On the VOD trend and a bit on the behind the scenes aspect of putting a movie out into the world

JS – It’s such a different conversation, and I’d love to have it some other time, because opening the hood on these things now is so, and this is obviously my life, and I still do it with my little company, we actually sold our first film last night, though I can’t talk about it yet. The economics for these things these days may appear in one way, but each one is so damn different. For example, if you’re going out through the Amazon route, it’s so different, the economics and the calculations are so different from, let’s say this one, where we’re piecing it together through international pre-sales. And then there’s all these crazy, I’d call then “rhetorical” things, like when they say “we don’t care about the metrics because of blah blah blah”. (Shakes head) I’ve heard them before! But even back in the day, rewind six years ago and you look at Focus and say Searchlight for example, and they look like very similar companies, especially the visions and the high end artsy fartsy, etc. It’s such inside baseball! For example, Searchlight at the time, they, and I think they’ve since changed their internal economics, they had access to very powerful output TV deals overseas. Their economics were such that they could be much more theatrically driven in the states and not worry as much about whether or not films worked or didn’t overseas. At Focus, my economics were really determined by the pre-sale values overseas, spreading the risk, and overseas partnerships with independent distributors. So, if you look at the slates, and you look at the international and domestic box offices, the relationships between the two things, over the course of lets say half a dozen years at those two companies, you’ll find that for example Searchlight had some huge domestic successes, Little Miss Sunshine, etc. But then, the proportion of the box office overseas were much lower. We were hitting doubles and triples a lot, but overseas we were hitting home runs in key territories. So, they looked similar but they were two very different models.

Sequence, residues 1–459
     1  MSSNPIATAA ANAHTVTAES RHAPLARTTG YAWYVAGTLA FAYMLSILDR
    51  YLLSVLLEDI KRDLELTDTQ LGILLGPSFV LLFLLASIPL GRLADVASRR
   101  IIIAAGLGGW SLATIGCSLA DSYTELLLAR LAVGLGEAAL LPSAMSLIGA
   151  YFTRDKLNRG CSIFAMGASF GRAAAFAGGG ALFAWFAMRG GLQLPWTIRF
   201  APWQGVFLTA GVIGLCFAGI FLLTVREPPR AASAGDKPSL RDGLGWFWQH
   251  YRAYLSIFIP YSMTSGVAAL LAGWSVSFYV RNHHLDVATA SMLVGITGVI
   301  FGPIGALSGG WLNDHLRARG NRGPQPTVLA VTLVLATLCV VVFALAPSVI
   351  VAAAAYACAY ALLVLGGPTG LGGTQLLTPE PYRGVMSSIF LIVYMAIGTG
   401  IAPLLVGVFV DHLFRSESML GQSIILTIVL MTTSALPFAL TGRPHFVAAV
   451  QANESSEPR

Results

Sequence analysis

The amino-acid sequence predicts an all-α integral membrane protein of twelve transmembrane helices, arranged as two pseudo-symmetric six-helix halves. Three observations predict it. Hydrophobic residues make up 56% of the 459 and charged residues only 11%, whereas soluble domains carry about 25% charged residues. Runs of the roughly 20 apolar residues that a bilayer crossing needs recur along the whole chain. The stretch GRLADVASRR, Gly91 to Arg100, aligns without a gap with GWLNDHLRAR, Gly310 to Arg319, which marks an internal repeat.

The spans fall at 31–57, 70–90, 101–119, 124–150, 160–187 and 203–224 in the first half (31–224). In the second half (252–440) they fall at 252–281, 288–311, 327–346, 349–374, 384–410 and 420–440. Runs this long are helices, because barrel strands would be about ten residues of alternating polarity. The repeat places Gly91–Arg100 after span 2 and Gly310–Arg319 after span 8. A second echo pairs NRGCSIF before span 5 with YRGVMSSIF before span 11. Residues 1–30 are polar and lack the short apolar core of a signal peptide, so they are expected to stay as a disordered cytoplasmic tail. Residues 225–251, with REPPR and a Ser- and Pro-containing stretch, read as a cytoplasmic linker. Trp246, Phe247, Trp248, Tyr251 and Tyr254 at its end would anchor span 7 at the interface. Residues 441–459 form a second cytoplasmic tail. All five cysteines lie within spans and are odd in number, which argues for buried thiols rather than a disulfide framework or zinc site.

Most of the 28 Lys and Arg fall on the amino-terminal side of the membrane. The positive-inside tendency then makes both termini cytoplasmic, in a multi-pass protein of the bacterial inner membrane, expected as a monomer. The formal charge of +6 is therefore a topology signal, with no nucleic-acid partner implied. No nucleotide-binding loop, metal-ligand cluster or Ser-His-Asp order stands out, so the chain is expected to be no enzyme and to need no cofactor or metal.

Touching on the awards season

JS – Look, here’s the thing with awards, since I’ve been around this block so many times. When we started Focus, for example, one of the first things I did was date an Academy worthy film in March. Immediately, people said we were dumping it. We weren’t dumping it, but the fact of the matter is that great audiences for great movies don’t go into hibernation for eight months out of the year and they do show up. It’s only the self fulfilling prophecy of the studios all clumping together anything that they think are awards worthy into the last months of the year. There, they can’t get screenings, the media costs so much high, and there’s so many more movies competing for attention, and therefore only a small percentage of them will ever be able to leverage any of the awards stuff in anything that looks like a sane business model. Most of them will die. So, that was Eternal Sunshine of the Spotless Mind, which won an Academy Award. But, think about this. I always say this. I was sitting two rows behind Jim Cameron the night he watched his ex wife go up and take Best Picture for The Hurt Locker. When was that released? April. So, and then, I happened to be there, for whatever reason, when Jack Nicholson opened the envelope and said the award goes to Crash. Ok. Think about that. When was Crash released? May. So, I’m like, when people will argue with me about opening up a movie, I remember when we did Lost in Translation and opened it on September 8th, people were on us, saying we’re dumping the movie. Back then, early September was actually considered before the awards season! Are you kidding me? So, my point is this…I’m of course very happy with Roadside, these guys have released movies that grown up audiences want to see. Whether it’s Mr. Holmes, Mud, or Love & Mercy, awards are great, a blue ribbon is a wonderful thing, I’d love to have a blue ribbon, and I love the Academy, by the way, I’m a big fan of the Academy Awards. It’s fun! But you know what? Let’s just make good movies and get them to audiences first!